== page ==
A guide to upcoming events in the humanities and social sciences at Temple University, updated weekly during the academic year.
The Center for the Humanities at Temple University supports innovative, interdisciplinary research and teaching in the humanities. Participation in the Center is open to faculty and students in all schools and colleges at Temple University.
is one of America's most visited national parks. The nineteenth century conservationist John Muir was so awestruck by the landscape that he likened it to a temple. He was instrumental in turning Yosemite into a national park in 1890. In this week's CHAT distinguished lecture, Temple University Dance Professor Sally Ann Ness will examine Yosemite in a whole new light: as a stage for the enactment of cultural performance. She explores the site itself as a performing landscape, but also takes a closer look at landscape performance within Yosemite. Through ethnographic fieldwork on the sports of climbing and hiking conducted from 2005-2012 she has developed a "choreographic" theory of cultural performance. Please join us this Thursday in the CHAT Lounge for what promises to be a captivating lecture. For more detail see below.
|March 6||Advanced Graduate Scholar Award|
|April 3||Associate Graduate Scholar Award|
|May 5||Interdisciplinary Research Groups|
Sally Ann Ness, Dance
Choreographies of Landscape;: Signs of Performance in Yosemite National Park
Thursday, March 2
12:30-1:50 pm, CHAT Lounge
Ethnographic fieldwork on the sports of climbing and hiking conducted from 2005-2012 in Yosemite National Park supports a "choreographic" theory of cultural performance. This pragmatic symbolic theory posits movement as the ground of all meaning-making. It gives primary consideration to the performative force of embodied movements as they inspire, transmit, reproduce, coordinate, and publicly transform various kinds of meaningful self-world relationships. The choreographic theoretical framework advanced, in contrast to more widely employed semiotic analytics, foregrounds sign performance as opposed to sign information, sign movement rather than sign-object relations, and sign mediation rather than sign representation. In so doing, it recognizes new roles for movement in the development of conceptual processes, as well as in the cultural dynamics of group and solo performance practices, and in the analysis and pedagogical understanding of sonic and kinetic forms of meaning-making.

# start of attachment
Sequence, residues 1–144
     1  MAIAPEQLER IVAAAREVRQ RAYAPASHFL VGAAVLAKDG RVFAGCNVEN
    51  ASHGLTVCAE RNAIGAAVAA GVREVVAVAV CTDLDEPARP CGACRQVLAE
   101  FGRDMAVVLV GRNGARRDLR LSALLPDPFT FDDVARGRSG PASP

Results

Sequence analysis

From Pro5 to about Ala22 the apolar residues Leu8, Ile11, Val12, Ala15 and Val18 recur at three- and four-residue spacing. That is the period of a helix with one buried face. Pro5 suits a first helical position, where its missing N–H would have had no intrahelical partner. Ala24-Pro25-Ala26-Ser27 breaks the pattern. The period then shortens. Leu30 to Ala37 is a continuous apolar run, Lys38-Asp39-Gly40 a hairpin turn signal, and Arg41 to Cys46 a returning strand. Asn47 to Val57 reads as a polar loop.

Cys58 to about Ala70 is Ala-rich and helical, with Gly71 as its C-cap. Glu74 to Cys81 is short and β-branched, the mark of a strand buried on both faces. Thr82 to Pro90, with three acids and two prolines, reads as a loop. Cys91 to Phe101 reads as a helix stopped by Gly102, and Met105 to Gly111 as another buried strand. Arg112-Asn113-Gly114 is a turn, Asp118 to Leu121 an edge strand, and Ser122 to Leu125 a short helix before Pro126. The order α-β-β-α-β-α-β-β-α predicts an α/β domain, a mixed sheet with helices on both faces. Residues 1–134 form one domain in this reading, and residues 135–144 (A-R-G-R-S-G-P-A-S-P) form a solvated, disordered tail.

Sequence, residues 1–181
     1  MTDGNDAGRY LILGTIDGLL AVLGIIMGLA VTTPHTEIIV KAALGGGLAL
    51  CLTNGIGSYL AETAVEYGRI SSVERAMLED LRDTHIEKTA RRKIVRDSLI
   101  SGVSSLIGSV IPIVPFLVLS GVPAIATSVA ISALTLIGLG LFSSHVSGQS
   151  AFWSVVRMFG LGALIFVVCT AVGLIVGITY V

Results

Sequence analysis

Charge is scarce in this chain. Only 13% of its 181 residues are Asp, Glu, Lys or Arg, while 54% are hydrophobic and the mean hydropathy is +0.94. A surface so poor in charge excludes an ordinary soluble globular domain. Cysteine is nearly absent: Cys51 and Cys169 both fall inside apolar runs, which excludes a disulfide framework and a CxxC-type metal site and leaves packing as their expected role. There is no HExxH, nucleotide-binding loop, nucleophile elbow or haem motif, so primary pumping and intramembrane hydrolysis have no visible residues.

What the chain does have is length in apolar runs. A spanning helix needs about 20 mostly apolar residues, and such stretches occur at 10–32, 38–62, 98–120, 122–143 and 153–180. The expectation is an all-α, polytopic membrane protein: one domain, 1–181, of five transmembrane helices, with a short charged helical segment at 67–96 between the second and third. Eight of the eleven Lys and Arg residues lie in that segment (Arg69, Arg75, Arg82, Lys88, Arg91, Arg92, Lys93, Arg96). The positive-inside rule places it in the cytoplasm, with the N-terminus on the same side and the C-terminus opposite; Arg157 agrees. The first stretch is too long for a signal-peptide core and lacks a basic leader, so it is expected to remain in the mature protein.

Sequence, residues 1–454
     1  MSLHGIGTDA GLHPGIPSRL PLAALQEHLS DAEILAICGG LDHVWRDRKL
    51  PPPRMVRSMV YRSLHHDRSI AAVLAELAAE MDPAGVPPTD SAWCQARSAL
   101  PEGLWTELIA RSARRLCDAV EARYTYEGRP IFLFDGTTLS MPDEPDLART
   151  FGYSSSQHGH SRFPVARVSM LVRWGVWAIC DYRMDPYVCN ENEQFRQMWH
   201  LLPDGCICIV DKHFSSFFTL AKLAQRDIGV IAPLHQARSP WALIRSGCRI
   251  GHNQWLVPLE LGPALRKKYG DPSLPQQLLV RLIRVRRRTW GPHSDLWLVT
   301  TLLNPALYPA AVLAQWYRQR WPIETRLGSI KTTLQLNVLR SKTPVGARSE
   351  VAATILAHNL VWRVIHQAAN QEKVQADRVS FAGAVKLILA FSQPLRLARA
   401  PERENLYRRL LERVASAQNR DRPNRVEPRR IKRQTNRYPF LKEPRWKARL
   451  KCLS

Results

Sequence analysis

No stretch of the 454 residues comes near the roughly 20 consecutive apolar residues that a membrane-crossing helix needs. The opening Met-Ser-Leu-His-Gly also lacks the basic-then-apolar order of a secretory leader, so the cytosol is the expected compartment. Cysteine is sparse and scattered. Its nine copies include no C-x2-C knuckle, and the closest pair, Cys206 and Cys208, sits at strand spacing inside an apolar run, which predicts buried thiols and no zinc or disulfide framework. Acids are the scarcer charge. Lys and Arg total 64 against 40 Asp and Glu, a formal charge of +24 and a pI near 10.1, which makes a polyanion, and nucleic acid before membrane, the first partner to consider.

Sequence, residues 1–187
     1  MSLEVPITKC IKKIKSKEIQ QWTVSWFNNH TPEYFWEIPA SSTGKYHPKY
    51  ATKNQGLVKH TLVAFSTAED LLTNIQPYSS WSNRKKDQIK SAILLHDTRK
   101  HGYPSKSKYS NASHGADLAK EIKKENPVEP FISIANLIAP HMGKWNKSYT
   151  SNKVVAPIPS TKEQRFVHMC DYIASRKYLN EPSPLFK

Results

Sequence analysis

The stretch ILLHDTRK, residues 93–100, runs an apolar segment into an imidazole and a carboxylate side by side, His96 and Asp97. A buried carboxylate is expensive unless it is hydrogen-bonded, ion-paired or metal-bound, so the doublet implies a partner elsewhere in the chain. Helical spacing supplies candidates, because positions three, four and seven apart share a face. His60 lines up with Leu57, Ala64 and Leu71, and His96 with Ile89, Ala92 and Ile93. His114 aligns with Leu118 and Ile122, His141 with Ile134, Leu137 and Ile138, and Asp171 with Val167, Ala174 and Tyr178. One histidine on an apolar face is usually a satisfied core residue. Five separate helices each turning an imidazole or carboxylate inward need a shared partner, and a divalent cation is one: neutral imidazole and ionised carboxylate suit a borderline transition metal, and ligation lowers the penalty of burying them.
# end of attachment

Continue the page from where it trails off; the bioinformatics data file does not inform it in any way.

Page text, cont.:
Sally Ann Ness is an incoming Professor and Chair of Dance at Temple University. She is author of Choreographies of Landscape (Berghahn Press, 2016), which was supported by a 2007 John S. Guggenheim award. Her book publications include Body, Movement, and Culture (University of Pennsylvania Press, 1992), Where Asia Smiles (University of Pennsylvania Press, 2003), and Migrations of Gesture (University of Minnesota Press, 2008) co-edited with Carrie Noland. Her research has also been published in Semiotic Inquiry, American Anthropologist, American Ethnologist, Cultural Anthropology, Dance Research Journal, Journal of Asian Studies, The Drama Review, and Performance Research, among other journal publications.
Michael F. Laffan, History, Princeton University
Translating Citizenship: the Cocos Islands become an Australian Muslim Territory, 1955-59
Wednesday, March 8
4:00-5:30 pm, CHAT Lounge
Standing assembled in Bandung in April of 1955, the newly independent leaders of South and Southeast Asia looked to their own populations as much as to their former overlords as they mapped out visions for the world of independent nation states. Yet, at the same time, plans were being finalized in London and Canberra for the transfer of authority that November of a tiny set of isles in the Indian Ocean with some four hundred Muslim inhabitants of "Malay" origin. Puzzled by what to do with this population, Canberra's first Official Representative to the Cocos Islands crossed the lagoon to see just how a modern state administered Islamic customary law. This contact would set in train an attempt by some of the islanders to seek the patronage of the Australian Government against their hereditary employee. This led to difficult conversations about how notions of citizenship would be translated. Beyond this I will argue that it is only by following a group of islanders sent to Christmas Island in the aftermath of the dispute that we are able to see just how much religious differences may well have been the root cause of the crisis of 1957, which led in turn to yet more uncomfortable debates about the nature of citizenship for Asian people in still very White Australia.
Michael Laffan is professor of history at Princeton University, where he teaches courses on the history of Southeast Asia and Islam across the Indian Ocean. A native of Canberra, Australia, he is the author of Islamic Nationhood and Colonial Indonesia (Routledge 2003) and The Makings of Indonesian Islam (Princeton, 2011). He is now turning his attention to South Africa and Sri Lanka in the hope of learning more about the broader history of Islam under the hardly-benevolent rule of the Dutch East India Company.